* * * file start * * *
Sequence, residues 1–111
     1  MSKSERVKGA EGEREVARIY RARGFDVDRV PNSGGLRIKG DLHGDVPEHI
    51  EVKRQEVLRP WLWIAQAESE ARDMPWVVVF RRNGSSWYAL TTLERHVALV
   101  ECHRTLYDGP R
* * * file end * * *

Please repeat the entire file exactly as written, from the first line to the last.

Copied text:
Sequence, residues 1–111
     1  MSKSERVKGA EGEREVARIY RARGFDVDRV PNSGGLRIKG DLHGDVPEHI
    51  EVKRQEVLRP WLWIAQAESE ARDMPWVVVF RRNGSSWYAL TTLERHVALV
   101  ECHRTLYDGP R